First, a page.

El Camino Weekend

Matthew Harmon: AU Engineering – International Engineering Internships in Pamplona, Spain Summer 2022

During the second weekend of my program in Pamplona, Spain, a group of us decided we needed an adventure. One of the things we learned about Pamplona while we were on the walking tour the first week was that it was one of the first major stops on El Camino de Santiago. El Camino is a pilgrimage walking trail that goes from Southern France all the way to the Santiago de Compostela Cathedral, which is over 515 miles away. The route has a lot of Catholic and Roman history behind it, with the earliest recorded pilgrims walking the entire French Way in the 11th century. 

This being said, we only had a weekend. Most people take around 2 months to walk the entire route. We just wanted to walk the first leg of it, from St. Jean Pied de Port in France back to our dorm in Pamplona, Spain. This first leg of the route is known to be the most difficult, but also the most scenic as it goes over the Pyrenees Mountains. We got our bus tickets and left for St. Jean Friday afternoon. 

The bus was awful. We were all in the very back of the bus, it was completely full, and we getting tossed around the curves and bumps of the Pyrenees for two hours. I think everyone wanted to throw up, luckily everyone held onto their lunch. 

Finally, we arrived in St. Jean Pied de Port. At this point, we had decided on having two groups, one that wanted to hike the entire 41-mile route that weekend back to Pamplona, and one that wanted to hang out in France for the night and walk the first 16 miles to Roncevalles tomorrow morning, and bus the rest of the way back to be home Saturday night. The three guys walking the entire route ate a quick lunch and immediately started up the mountain in the heat of the day. I took the easier option of walking around St. Jean in a beret trying to act French. 

St. Jean was a gorgeous little town at the bottom of the Pyrenees. It felt like the little town in Beauty and the Beast. The six of us that stayed thoroughly enjoyed a fancy dinner on the river. The food was one of the best steaks I have had in my life. My only gripe was that they never said Bon Appétit. We also were scarfing down the bread, so much so that the waiter was a little concerned and would wave at us when he was delivering bread to other tables because he knew we wanted it. 

Staying in the hostel was fun and interesting. The girls didn’t find it super appealing because it smelled of hikers and we were given what felt like a dryer sheet as a blanket. The man at the front desk gave us a long narrative about what was the true meaning and purpose of the Way, and how we should come out of it a changed person. There was one other guy not in our group that we hung out with at the hostel from Scotland and he was hiking all of the Pyrenees. No one got very great sleep as people were in and out snoring and we could hear kids playing in the street. Oh well. We got up at 5 in the morning to start the hike as the sun rose.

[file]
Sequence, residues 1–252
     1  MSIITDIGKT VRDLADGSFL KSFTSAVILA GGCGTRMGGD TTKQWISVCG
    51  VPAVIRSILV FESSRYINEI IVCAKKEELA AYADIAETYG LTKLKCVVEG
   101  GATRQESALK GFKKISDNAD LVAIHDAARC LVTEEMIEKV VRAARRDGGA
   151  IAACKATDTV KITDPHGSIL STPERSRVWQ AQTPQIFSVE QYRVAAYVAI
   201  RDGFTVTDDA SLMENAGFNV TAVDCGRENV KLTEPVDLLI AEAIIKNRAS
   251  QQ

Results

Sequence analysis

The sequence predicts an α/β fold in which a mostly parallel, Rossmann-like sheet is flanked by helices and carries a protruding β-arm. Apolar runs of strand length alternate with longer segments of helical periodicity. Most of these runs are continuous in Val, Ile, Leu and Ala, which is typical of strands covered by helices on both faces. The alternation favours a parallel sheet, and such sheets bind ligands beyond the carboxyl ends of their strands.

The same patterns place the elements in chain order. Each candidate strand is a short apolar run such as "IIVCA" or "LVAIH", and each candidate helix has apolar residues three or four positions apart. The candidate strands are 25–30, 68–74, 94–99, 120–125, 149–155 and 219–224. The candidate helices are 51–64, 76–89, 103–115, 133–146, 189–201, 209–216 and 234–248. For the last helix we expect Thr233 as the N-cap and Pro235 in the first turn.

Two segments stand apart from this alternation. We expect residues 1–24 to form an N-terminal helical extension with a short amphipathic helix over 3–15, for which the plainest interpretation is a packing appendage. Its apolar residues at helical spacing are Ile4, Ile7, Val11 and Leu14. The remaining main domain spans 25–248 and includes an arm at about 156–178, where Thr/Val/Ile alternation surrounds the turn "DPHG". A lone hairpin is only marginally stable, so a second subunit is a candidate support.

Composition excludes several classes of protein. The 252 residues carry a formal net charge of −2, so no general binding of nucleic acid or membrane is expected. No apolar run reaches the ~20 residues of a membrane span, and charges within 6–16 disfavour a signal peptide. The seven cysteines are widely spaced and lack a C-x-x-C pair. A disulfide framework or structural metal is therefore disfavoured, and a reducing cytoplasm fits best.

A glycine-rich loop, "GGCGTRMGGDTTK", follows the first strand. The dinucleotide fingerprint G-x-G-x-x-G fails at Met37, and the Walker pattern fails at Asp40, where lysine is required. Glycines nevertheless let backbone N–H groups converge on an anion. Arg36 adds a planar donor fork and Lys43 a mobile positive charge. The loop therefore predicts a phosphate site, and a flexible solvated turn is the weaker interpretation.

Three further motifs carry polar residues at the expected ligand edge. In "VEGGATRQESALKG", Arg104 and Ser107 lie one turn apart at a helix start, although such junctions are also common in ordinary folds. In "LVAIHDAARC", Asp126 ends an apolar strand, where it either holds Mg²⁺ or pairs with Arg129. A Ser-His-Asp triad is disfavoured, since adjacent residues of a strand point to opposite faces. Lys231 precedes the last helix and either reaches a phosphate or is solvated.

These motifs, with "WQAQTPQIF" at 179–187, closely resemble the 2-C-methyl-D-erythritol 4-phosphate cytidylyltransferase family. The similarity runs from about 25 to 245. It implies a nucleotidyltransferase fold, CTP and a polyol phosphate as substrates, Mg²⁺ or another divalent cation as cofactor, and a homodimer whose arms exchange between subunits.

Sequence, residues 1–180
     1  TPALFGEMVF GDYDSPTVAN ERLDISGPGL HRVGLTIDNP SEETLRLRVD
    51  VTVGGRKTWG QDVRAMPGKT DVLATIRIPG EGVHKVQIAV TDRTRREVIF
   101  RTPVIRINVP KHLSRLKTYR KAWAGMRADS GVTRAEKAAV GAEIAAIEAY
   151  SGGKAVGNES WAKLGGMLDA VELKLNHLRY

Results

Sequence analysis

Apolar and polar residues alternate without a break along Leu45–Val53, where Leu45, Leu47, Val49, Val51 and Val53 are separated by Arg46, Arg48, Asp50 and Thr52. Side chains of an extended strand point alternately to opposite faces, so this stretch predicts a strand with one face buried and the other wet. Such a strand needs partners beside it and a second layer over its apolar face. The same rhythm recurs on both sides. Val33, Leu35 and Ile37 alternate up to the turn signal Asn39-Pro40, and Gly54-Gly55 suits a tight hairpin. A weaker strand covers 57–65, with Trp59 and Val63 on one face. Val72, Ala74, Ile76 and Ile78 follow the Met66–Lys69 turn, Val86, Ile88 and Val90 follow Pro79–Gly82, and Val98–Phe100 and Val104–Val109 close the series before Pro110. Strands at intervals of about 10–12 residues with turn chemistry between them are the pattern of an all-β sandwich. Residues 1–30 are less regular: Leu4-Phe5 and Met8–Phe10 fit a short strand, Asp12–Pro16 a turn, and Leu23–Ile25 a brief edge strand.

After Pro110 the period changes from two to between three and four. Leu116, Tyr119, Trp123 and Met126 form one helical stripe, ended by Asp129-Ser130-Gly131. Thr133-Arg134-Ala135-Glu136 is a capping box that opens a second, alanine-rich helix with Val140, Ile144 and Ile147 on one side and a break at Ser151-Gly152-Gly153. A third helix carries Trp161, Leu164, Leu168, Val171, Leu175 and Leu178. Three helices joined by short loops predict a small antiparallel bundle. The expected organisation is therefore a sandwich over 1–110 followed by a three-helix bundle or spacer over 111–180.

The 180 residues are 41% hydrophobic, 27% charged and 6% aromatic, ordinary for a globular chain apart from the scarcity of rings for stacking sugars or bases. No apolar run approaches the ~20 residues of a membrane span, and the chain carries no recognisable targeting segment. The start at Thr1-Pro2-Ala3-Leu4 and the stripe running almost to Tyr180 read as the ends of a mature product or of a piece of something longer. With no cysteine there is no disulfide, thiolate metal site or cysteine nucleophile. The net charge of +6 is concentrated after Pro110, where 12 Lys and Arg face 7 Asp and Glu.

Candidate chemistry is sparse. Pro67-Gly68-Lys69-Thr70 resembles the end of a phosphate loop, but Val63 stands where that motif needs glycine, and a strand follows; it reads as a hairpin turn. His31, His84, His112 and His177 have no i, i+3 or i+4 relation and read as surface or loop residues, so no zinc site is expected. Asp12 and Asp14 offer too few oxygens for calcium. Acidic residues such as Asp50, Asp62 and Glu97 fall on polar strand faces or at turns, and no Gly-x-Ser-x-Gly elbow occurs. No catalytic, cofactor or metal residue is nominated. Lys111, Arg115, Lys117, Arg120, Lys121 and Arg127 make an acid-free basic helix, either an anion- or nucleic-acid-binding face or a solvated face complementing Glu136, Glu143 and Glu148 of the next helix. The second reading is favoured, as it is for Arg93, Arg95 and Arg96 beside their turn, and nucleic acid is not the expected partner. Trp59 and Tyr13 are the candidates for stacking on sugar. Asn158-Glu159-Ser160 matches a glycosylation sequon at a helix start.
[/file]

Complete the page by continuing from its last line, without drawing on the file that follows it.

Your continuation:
As we left the town in darkness we sure were skeptical. None of us were 100% sure we were on the right route until light came out. We walked this little country road up that seemed to get steeper and steeper. Everything was perfect, it was just cold enough that we didn’t need a jacket and we weren’t sweating down our backpacks.

Sun came up just as we reached the near top of the front side of the Pyrenees. Everything was perfect. We had just gotten above the clouds, and the orange rolled in from the french valleys through the clouds below and landed gently on us. I have never taken more pictures of a sunrise in my life.

From there it was honestly just a lot of walking on a trail that never seemed to level off. We reached a small restaurant and a few of us used the bathroom and ate a snack. I took a Baguette and two apples from the hostel and that was my fuel for the hike. We passed a lot of animals.

A quick note I wanted to make was how silly we looked doing this. Most people on the French way have a huge pack on them with camping supplies and they are using walking sticks in both hands to keep pace. All we had were our normal school backpacks, and we were just flying past the other people on the route. We were walking like we were late for class.

Eventually, we reached a peak. Previously we had thought that every corner was the peak, but each trail just got steeper. Here though, there was a small statue of Mary holding baby Jesus, covered in Camino memorabilia and hiker’s treasures. We walked up to it and saw a Sheppard and his dog sitting and admiring the view, with flocks of sheep surrounding the mountaintop. It was like a scene out of the Alchemist, which a few of us had recently read. 

From there we kept walking. We had around 6 miles left, and we ran into more old wells and plaques telling the history of certain spots. At one point there was an extreme weather shelter, for winter hikers that get caught in a storm. We kept walking. Eventually, there was a fork in the road, and there sat a Finnish hiker who gave us a brief description of the two paths we could take to Roncesvalles. His story and the way that he laid out the options to us felt like it was out of a movie. Very nice man, but a strange interaction to say the least. We decided to take the forest route, which was felt like falling down the mountain with extra steps. It was so steep that it really made our knees sore, but we were almost done.

The last half mile before Roncevalles was fun, we started playing Freebird on the speaker I had brought as we strolled into town. It was only 11am. The total time for the hike was 5:35 hr over a distance of 15.2 miles. We all had a blast, and called a taxi to Pamplona. Everyone slept on the taxi and showered when we got home. War Eagle!

Auburn Abroad

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